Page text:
Tag Archives: pasta

Parsley-Kale Pesto (or, “I can’t believe it’s kale!”)

In my pantry today:

  • 4 c (cooked) whole wheat thin spaghetti
  • 2 c parsley
  • 1 c marinated kale
  • 4 L cloves garlic
  • 1 c walnuts
  • 2/3 c olive oil
  • 1 tbsp coconut oil
  • 1/4 c Parmesan cheese
  • 1/2 tsp sea salt (or to taste, y’know?)

Kale-Parsley PestoWell we had spaghetti sauce and salad stuff, but neither one of us necessarily felt like being transported tonight via flavor to the isle of Sicily. Maybe something a wee bit lighter (-seeming, at the very least) like olive oil and garlic? Then a bulb came on above both our heads at the same moment — pesto!

Since kinda-recently learning of coconut oil’s health benefits I’ve been trying to incorporate it into my cooking — the trick there is not to make coconut pasta, so tread lightly. It, the whole wheat pasta and walnuts are the main proteins here (unless you wanna count the Parmesan too, but ’tis a mere pittance), nevertheless feel free to add chicken or shrimp if you don’t believe in things like that.

Parsley-Kale PestoAlso, ha! Made ya like kale, right?

Put all that stuff in the food processor and let it whirl until — magically — pesto appears! Adjust the oil if you want it more/less soupy. With the minimal amount of coconut in a dish that roars of garlic, there was a faint hint of Thai in this dish… just enough to make it delicious and foreign, but not enough to make it taste counterintuitively unfamiliar.

I had enough left over from our [2 person] meal that I used 2 tbsp of it to make a pesto vinaigrette (this stuff, red wine vinegar and a little more olive oil) and still had 1/3 c of it to put in the freezer. 5 spoons.

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Creamy Kale-fredo

In my pantry today:

  • 2 c mezze penne pasta
  • 1 c minced, marinated* kale
  • 1/2 c cashew butter
  • 1 tsp olive oil
  • 3 cloves garlic
  • 1.5 c chicken broth (for equitable option, use veggie broth)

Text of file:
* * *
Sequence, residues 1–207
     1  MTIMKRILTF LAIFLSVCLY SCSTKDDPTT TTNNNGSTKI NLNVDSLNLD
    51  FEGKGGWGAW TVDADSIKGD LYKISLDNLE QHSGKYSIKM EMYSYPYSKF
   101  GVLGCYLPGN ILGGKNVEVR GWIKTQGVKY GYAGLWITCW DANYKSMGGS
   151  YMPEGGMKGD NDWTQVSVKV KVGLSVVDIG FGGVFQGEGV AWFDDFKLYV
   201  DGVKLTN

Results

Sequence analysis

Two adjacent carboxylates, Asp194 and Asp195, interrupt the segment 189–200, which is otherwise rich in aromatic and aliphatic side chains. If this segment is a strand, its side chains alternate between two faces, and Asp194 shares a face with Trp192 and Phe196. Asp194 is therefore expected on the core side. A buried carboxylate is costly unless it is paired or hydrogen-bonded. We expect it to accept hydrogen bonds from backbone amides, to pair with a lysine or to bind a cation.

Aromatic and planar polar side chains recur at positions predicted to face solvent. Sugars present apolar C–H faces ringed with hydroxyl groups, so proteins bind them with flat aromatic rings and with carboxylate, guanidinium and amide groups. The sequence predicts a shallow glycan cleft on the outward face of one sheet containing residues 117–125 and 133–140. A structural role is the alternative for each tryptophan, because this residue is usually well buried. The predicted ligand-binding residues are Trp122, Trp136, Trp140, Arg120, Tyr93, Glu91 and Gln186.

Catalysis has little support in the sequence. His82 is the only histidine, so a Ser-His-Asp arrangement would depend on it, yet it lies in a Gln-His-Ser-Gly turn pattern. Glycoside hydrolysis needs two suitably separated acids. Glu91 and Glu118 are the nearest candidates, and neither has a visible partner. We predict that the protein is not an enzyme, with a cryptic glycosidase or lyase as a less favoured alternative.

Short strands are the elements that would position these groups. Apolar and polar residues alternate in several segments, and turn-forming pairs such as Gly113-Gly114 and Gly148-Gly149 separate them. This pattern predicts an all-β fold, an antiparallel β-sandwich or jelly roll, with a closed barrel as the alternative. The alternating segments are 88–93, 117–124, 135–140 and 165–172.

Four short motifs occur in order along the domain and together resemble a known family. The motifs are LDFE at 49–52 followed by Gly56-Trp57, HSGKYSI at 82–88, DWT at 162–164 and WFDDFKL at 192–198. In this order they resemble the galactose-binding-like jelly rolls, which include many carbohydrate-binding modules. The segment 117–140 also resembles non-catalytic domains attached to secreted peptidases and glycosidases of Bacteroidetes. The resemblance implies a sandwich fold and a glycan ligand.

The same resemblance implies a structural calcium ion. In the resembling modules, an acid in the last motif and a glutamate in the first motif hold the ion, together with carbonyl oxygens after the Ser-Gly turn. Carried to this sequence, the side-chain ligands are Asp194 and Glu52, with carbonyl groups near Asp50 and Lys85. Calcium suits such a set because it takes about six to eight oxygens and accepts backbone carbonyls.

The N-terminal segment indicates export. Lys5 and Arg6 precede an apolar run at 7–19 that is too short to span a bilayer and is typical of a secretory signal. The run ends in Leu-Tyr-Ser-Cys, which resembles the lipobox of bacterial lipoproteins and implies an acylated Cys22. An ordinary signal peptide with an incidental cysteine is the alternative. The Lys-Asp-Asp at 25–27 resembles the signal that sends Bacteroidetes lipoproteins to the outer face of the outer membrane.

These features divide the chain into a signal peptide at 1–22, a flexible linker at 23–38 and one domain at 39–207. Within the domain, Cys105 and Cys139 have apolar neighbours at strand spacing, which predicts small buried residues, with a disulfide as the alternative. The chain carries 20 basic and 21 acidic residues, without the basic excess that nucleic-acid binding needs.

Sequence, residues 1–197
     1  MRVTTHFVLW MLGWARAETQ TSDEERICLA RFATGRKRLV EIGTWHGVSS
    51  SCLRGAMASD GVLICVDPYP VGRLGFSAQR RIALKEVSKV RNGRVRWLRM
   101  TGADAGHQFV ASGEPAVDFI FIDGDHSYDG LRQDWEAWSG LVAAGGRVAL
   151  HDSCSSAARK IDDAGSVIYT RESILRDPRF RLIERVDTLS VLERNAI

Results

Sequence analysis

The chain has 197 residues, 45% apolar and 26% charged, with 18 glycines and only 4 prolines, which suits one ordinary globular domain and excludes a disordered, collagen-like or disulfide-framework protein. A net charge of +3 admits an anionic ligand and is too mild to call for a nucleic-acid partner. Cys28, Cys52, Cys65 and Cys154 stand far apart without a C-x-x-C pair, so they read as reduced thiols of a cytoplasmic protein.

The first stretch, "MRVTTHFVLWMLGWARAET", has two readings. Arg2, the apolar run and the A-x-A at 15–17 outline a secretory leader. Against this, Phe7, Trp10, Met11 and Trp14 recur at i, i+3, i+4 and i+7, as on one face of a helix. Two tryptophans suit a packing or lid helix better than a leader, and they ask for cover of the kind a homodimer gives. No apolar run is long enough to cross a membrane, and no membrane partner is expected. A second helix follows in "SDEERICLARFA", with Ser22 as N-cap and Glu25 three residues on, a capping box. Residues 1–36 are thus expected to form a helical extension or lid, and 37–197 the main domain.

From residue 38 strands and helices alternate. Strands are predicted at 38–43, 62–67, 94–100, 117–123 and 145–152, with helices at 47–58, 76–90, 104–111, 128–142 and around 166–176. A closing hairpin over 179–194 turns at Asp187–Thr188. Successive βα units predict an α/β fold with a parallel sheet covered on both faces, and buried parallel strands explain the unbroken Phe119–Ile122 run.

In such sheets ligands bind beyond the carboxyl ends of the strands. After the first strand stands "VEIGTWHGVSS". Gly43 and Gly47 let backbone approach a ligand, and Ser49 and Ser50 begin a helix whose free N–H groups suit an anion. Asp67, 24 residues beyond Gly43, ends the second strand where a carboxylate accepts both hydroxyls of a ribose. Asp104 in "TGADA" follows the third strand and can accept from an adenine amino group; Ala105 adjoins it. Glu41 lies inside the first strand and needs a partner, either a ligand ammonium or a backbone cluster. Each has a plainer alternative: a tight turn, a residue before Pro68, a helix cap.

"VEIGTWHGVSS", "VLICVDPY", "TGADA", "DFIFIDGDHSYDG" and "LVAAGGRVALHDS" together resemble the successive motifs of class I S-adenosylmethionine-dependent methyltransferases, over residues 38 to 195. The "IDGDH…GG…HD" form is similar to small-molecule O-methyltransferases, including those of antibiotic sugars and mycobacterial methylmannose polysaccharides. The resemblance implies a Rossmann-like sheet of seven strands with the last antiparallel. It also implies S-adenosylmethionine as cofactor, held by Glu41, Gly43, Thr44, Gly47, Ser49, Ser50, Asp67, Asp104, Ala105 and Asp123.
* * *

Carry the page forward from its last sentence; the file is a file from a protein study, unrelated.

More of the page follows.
• 2 tbsp Parmesan cheese
  • 1/2 tsp lemon juice
  • 1/2 tsp black pepper
  • 1 tsp dried basil
  • 1/4 tsp oregano
  • dash turmeric

kalefredoAll the creaminess of an Alfredo with none of the cream! This is not to say I was gunning for an Alfredo sauce when I started, but the richness and flavor reaped by cashew butter is a worthy replacement for actual cream. Start this whole shebang by mincing your garlic and letting it simmer in a pot on M for a few minutes (I washed dishes).

Upon your return to the stove, smack the cashew butter up in that pot. Add broth slowly; stir to meld the two. Heck, go on and stir in all the seasonings while you’re at it. Once everything has made friends with one another, introduce the lemon juice and kale; cover and simmer on L for a few minutes while you cook the pasta. Drain it and add to the sauce pot. Toss everything together and let it sit on L for at least 5m (let the pasta saturate itself in flavortown) before digging in. 5 spoons!

kale*The equation I use for making marinated kale is: KALE (- STEMS + A FEW DROPS OIL) + FOOD PROCESSOR x 15 MINUTE WAIT = “MARINATED” KALE

Papardelle-icious to Vegetarians and Carnivores

In my pantry today:

  • 1 package Trader Joes® lemon-pepper papardelle
  • 2 c fresh spinach
  • 1/3 c olive oil
  • 2-3 cloves garlic, sliced thin
  • 1 tbsp fresh oregano, minced
  • 1 tsp paprika
  • 1/2 tsp turmeric
  • Parmesan to top

P1110468Yum. And an easy “yum” at that. So easy that though I didn’t have time yesterday to write down the ingredients today they are still simple to keep emblazoned in the senses. If you haven’t cooked papardelle before, try it out and learn how it got its name from the Italian verb “pappare” (to gobble up).

P1110447Fry your garlic on ML until just the edges begin to turn golden, then remove the pan from heat and sprinkle on the seasonings. Let that sit while boiling papardelle to the perfect al dente and chopping spinach. When the pasta gets drained, turn off the burner. Mix spinach into the oil/garlic/ and move that pan back to the burner you just turned off (don’t turn it back on). Cover the pan for 1m, then uncover and stir until the spinach is wilted to your taste. Mix in the papardelle and ensure everything is properly coated. Sprinkle with Parmasean. Between the papardelle, spinach (and Parmesan), this vegetarian dish will have more protein – and visual interest – than eating a chicken breast. Of course that doesn’t mean you couldn’t add meat if you want, or skip the cheese for an easy vegan dish. 5 well-deserving spoons!

Fet-accompli!

In my pantry today:

  • 3 c broccoli florets
  • 1/3 c feta cheese in blocks
  • 1.5 c dry tagliatelle (bowtie pasta)